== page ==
hospitalization, survival rate, and mortality
. It is not a surprise that there is a substantial
growing of studies targeting understanding the underlying neural and associative
mechanisms of age-, AD- and PD-related decrease in walking performance, stability, and,
mainly, walking speed.
Regarding potential associative aspects related to poor walking performance,
Barbieri and colleagues
examined whether body composition of the lower limbs would be
associated with spatial-temporal walking parameters in people with PD. The rationale was
based on the idea that exacerbated sarcopenia (muscle loss) and osteopenia (bone mass
loss) in people with PD would somehow be linked to poorer walking performance. In fact,
the reduced lean and bone mass were related to slower gait speed in PD. This observation
points out that the potential cause of slow walking and stability may be multifactorial, but
certainly, the preservation of locomotion is related to the maintenance of body composition.
Another potential interpretation is that maintaining body composition would reflect
musculoskeletal plasticity, ensuring the neuromuscular control of walking and leading to
preserving walking speed and stability.
Following the hypothesis that aging would impair the capacity to modulate the
neuromuscular control to different walking speeds, Santos et al.
(intermuscular coherence)
tested the effects of aging and walking speed on intermuscular beta coherence. They
expected that age and walking speed would interact (e.g., older vs. younger individuals
would have lower coherence without modulating it with walking speed). Curiously, the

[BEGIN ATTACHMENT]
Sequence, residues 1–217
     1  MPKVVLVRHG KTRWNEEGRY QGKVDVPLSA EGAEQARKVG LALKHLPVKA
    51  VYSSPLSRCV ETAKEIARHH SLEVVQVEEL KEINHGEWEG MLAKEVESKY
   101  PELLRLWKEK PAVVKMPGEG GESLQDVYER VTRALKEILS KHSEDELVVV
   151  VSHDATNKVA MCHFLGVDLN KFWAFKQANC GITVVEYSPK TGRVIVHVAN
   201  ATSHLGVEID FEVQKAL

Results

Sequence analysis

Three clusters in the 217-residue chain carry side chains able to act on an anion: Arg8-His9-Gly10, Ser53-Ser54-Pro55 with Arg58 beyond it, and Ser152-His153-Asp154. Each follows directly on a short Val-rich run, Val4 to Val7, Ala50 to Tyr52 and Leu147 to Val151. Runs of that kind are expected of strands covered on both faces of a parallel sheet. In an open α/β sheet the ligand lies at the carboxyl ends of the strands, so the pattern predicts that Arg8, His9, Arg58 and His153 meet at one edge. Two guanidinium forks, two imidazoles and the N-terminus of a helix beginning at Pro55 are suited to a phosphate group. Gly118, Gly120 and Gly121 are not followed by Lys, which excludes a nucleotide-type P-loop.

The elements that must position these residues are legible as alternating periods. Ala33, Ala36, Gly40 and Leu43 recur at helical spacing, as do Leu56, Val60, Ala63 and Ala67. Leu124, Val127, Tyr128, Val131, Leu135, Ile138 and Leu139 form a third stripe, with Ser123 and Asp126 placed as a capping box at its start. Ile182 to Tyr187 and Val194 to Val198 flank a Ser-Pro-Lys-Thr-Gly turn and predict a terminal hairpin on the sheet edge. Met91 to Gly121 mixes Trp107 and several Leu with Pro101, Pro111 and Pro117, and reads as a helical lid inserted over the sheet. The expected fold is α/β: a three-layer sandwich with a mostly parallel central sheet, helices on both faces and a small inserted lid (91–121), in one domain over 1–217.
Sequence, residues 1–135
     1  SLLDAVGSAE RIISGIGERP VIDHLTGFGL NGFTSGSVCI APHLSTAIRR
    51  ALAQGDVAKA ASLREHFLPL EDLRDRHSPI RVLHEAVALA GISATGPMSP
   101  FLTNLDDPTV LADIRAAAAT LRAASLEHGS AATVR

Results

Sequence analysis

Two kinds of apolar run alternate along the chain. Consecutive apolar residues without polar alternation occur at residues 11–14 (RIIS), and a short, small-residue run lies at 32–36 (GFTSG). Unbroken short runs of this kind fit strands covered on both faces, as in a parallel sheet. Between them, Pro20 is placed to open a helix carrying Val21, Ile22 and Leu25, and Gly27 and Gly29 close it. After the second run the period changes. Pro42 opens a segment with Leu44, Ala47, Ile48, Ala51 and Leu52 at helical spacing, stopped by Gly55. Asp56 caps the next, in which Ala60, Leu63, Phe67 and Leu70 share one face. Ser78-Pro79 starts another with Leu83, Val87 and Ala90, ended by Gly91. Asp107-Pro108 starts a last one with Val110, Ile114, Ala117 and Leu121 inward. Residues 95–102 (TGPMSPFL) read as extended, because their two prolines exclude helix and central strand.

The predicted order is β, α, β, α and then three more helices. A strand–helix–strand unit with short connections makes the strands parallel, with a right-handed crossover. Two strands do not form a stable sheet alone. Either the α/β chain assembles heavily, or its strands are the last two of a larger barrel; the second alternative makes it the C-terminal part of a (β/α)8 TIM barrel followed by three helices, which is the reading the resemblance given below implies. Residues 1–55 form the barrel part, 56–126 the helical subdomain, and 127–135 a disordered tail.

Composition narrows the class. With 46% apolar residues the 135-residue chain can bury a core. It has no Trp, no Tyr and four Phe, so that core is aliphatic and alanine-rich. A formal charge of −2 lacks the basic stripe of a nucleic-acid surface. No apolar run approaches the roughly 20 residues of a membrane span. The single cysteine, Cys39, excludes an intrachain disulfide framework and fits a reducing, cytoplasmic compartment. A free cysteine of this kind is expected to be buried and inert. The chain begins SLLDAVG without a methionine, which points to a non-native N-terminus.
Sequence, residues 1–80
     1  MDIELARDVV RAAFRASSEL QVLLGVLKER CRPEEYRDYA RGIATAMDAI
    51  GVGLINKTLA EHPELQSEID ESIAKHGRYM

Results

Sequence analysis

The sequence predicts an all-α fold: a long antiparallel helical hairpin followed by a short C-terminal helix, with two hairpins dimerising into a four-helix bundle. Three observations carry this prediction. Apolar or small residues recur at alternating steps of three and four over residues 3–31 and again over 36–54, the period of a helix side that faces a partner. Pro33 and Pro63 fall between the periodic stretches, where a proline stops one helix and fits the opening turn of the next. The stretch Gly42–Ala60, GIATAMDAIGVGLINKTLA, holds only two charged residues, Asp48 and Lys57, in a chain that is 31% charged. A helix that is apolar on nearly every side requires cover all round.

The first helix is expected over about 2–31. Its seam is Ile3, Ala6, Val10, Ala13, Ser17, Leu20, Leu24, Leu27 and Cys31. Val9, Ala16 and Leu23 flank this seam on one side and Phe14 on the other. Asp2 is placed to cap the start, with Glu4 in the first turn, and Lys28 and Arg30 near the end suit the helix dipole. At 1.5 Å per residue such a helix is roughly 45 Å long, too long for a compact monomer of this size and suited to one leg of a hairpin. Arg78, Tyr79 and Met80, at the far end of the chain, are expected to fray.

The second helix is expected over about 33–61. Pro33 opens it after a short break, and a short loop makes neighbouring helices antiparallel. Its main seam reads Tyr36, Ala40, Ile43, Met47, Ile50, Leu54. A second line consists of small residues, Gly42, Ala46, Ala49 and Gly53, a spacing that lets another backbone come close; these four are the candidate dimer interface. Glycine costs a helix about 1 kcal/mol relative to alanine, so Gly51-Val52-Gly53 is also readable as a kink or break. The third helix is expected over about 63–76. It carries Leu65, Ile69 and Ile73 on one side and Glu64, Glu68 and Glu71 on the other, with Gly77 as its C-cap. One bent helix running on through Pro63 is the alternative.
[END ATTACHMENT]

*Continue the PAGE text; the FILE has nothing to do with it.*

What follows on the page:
authors observed that aging but not walking speed affected intermuscular beta coherence
(also only between synergistic ankle but not thigh muscles). The authors also did not find
associations between speed-induced changes in spatial-temporal gait outcomes with
changes in beta coherence. Therefore, it is likely that other neuromuscular features (e.g.,
antagonistic coactivation
) instead of intermuscular beta coherence explain the age
differences in the neural control of walking speed.
BJMB! ! ! ! ! ! ! !
Santos, Orcioli-
321 of 325
Special issue:
Effects of aging on locomotor patterns
Due to the age-, PD- and AD-typical declines in cognitive functions, the capacity to
allocate cognitive resources to walk performing a concomitant secondary task (dual-task) is
. This is supported by empirical data showing decreased walking performance
during dual-task walking
. Reasonably, the decline in either walking and/or cognitive task
may support the idea that cognitive function and walking are intrinsically linked
. Partially
supporting this idea, Costa et al.
compared longitudinally (32 months apart) the effect of
AD, mild cognitive impairment (MCI) on functional mobility (Timed Up and Go - TUG) isolated
and combined with a secondary test (dialing on the phone) with cognitively preserved
individuals. They found time-induced differences in time and cadence for both TUG
conditions and in the number of steps in dual-task TUG in AD vs. cognitively preserved, AD
vs. MCI, but not in MCI vs. AD. The results suggest that the progression of AD over time
affects, even more, the performance of walking, while in MCI, after three years, the
performance of mobility was virtually similar to the baseline. It partially reiterates the need to
maintain preserved cognition that certainly reflects “better” locomotion in older individuals.
Additionally, aging, AD, and PD affect the capacity to modulate walking to different
conditions of walking. A clear example is based on cumulative evidence showing that when
those populations need to negotiate with an obstacle, the risk of falls due to trips increases
. Trips during steps over obstacles are an eminent problem in healthy aging
and diseases since trips are one of the main reasons for falls
. The cause of the higher
number of trips in old age is still not fully elucidated, and studies are exploring potential
factors that increase the risk of trips and falls.
In this special issue, Becker and Rietdyk
quantified inadvertent trips and
differentiated factors present in those older individuals who tripped from those who did not.
They observed that 15 out of 41 older adults tripped while crossing obstacles at least once.
Those 15 individuals walked with slower walking speed, shorter stride length, higher
variability in the gait cycle time, indicated higher fatigue ratings, and took more medications
than those who did not have any trips. Therefore, walking performance during obstacle